Maingear debuts Titan gaming laptop with Intel Core i7 990x CPU, Nvidia GeForce GTX 485M graphics

Summary:The trend may be toward thinner, lighter laptops and tablet PCs, but don't tell that to Maingear. The boutique PC builder is going bigger and brawnier with its new Titan desktop-replacement notebook, which packs a 17.

The trend may be toward thinner, lighter laptops and tablet PCs, but don't tell that to Maingear. The boutique PC builder is going bigger and brawnier with its new Titan desktop-replacement notebook, which packs a 17.3-inch display and tips the scale at a beefy 12 pounds.

You'll need the Titan's ample dimensions for the parts Maingear is stuffing in it. You can opt for Intel's fastest desktop processor, the Core i7-990X Extreme Edition, up to a pair of Nvidia's new GeForce GTX 485M graphics cards (in SLI configuration), and up to three hard drives or solid-state drives. There's even room for a pair of optical drives. The large screen is LED-backlit and features full 1080p resolution (1,920x1,080).

The Titan also appears to be the first laptop to use Bigfoot Networks Killer Wireless-N 1102 internal Wi-Fi adapter, which Maingear claims provides five times the wireless performance of the competition. About the only thing this behemoth lacks is a Thunderbolt input, though it does come with two USB 3.0 ports, eSATA port, HDMI port, and even a FireWire port.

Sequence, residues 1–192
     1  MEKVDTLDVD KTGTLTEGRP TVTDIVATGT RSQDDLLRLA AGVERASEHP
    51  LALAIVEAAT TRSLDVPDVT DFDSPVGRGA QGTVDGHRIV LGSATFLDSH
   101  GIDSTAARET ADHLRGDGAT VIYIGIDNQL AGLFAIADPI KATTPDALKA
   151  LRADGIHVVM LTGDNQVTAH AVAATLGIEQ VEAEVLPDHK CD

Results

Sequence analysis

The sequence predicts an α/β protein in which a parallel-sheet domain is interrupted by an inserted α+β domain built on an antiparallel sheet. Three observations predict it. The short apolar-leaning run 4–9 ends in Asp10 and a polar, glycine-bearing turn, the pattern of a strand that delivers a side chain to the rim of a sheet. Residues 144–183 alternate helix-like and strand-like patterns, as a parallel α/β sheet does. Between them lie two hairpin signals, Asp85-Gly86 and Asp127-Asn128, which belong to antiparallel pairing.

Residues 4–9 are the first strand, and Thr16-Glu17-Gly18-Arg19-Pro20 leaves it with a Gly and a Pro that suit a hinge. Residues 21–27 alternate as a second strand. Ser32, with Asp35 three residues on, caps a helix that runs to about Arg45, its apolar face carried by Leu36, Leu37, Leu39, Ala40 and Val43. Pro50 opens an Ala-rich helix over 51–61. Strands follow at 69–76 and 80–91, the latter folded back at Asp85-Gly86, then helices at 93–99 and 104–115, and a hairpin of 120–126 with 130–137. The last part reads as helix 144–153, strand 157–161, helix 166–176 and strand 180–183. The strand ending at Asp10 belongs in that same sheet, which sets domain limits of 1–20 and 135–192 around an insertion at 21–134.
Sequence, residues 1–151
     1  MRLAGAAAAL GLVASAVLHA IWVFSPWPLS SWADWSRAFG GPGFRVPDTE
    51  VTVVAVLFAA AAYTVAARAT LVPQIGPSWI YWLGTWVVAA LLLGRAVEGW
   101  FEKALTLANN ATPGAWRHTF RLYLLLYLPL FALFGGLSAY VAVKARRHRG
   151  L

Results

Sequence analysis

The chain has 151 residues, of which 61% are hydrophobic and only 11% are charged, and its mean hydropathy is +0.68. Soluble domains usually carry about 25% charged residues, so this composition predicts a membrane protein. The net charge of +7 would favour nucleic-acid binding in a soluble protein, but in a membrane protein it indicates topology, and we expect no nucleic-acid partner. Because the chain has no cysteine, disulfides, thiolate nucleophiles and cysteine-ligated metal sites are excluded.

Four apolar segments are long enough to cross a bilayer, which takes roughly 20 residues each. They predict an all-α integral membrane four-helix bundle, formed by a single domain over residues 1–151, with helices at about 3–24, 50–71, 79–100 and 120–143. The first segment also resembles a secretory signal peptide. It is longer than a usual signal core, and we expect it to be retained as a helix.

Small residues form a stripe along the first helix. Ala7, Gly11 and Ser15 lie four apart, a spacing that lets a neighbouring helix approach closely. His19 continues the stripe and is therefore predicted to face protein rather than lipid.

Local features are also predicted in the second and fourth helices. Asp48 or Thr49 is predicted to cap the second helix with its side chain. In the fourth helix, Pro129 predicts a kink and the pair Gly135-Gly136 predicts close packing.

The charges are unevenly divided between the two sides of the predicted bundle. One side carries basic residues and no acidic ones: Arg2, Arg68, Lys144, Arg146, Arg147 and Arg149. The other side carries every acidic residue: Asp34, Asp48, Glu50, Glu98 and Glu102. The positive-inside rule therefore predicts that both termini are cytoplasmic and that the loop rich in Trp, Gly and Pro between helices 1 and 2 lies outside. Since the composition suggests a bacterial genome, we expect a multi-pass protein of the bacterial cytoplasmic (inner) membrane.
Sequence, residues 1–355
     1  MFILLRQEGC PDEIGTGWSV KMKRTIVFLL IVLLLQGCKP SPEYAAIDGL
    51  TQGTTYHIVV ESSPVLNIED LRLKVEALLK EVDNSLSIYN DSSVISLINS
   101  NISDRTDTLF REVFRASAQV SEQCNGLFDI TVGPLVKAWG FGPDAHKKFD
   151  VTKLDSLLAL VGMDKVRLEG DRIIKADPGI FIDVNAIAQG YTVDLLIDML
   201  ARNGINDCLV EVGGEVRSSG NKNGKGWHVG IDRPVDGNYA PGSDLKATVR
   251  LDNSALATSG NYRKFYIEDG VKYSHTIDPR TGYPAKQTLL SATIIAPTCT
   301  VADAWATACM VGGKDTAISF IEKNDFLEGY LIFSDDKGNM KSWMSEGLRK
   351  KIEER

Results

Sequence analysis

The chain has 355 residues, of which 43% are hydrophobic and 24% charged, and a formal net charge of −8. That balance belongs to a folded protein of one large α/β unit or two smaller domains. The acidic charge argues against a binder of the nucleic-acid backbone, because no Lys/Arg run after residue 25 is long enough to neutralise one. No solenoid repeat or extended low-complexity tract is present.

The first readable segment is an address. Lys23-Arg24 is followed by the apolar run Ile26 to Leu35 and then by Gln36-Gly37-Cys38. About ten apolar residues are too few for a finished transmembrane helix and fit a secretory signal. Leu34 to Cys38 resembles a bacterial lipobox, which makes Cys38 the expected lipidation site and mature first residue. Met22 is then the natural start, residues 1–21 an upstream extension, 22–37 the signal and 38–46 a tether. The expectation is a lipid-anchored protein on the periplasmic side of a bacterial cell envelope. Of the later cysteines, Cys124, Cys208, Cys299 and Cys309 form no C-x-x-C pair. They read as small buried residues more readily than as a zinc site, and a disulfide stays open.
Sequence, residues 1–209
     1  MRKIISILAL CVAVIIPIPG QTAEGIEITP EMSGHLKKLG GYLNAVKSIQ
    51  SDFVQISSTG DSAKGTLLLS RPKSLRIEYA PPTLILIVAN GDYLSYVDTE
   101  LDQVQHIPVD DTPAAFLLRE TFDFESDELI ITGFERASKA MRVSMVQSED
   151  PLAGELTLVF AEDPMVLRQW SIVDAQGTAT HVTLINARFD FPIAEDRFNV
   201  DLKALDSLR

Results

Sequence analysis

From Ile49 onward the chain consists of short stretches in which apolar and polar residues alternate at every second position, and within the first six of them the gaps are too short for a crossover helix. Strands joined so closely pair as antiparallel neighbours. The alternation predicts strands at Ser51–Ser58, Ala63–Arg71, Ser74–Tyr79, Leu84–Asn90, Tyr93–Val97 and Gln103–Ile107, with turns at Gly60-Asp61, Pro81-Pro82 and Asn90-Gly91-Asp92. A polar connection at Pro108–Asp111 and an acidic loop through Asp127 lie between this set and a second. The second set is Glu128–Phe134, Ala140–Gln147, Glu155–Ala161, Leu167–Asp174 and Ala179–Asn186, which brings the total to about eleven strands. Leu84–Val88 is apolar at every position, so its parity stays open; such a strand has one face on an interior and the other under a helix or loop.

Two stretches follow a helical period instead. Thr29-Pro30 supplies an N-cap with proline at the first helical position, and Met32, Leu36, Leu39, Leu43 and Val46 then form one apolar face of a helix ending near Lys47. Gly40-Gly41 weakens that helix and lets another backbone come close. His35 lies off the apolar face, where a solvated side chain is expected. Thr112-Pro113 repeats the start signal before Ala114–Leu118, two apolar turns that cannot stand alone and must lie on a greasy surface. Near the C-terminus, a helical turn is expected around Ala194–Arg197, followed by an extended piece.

Pricing will start at an equally mammoth $2,799. That price will get you a Core i7-950 processor, 6GB of RAM, 500GB hard drive, and two GeForce GTX 460M graphics cards. Upgrading to the i7-990X and a pair of GeForce GTX 485Ms will add to another $2,000 to your total. In other words, you'll need a titanic wallet for this Titan.

Topics: Tablets, Hardware, Laptops, Mobility, Processors

About

Sean Portnoy started his tech writing career at ZDNet nearly a decade ago. He then spent several years as an editor at Computer Shopper magazine, most recently serving as online executive editor. He received a B.A. from Brown University and an M.A. from the University of Southern California.

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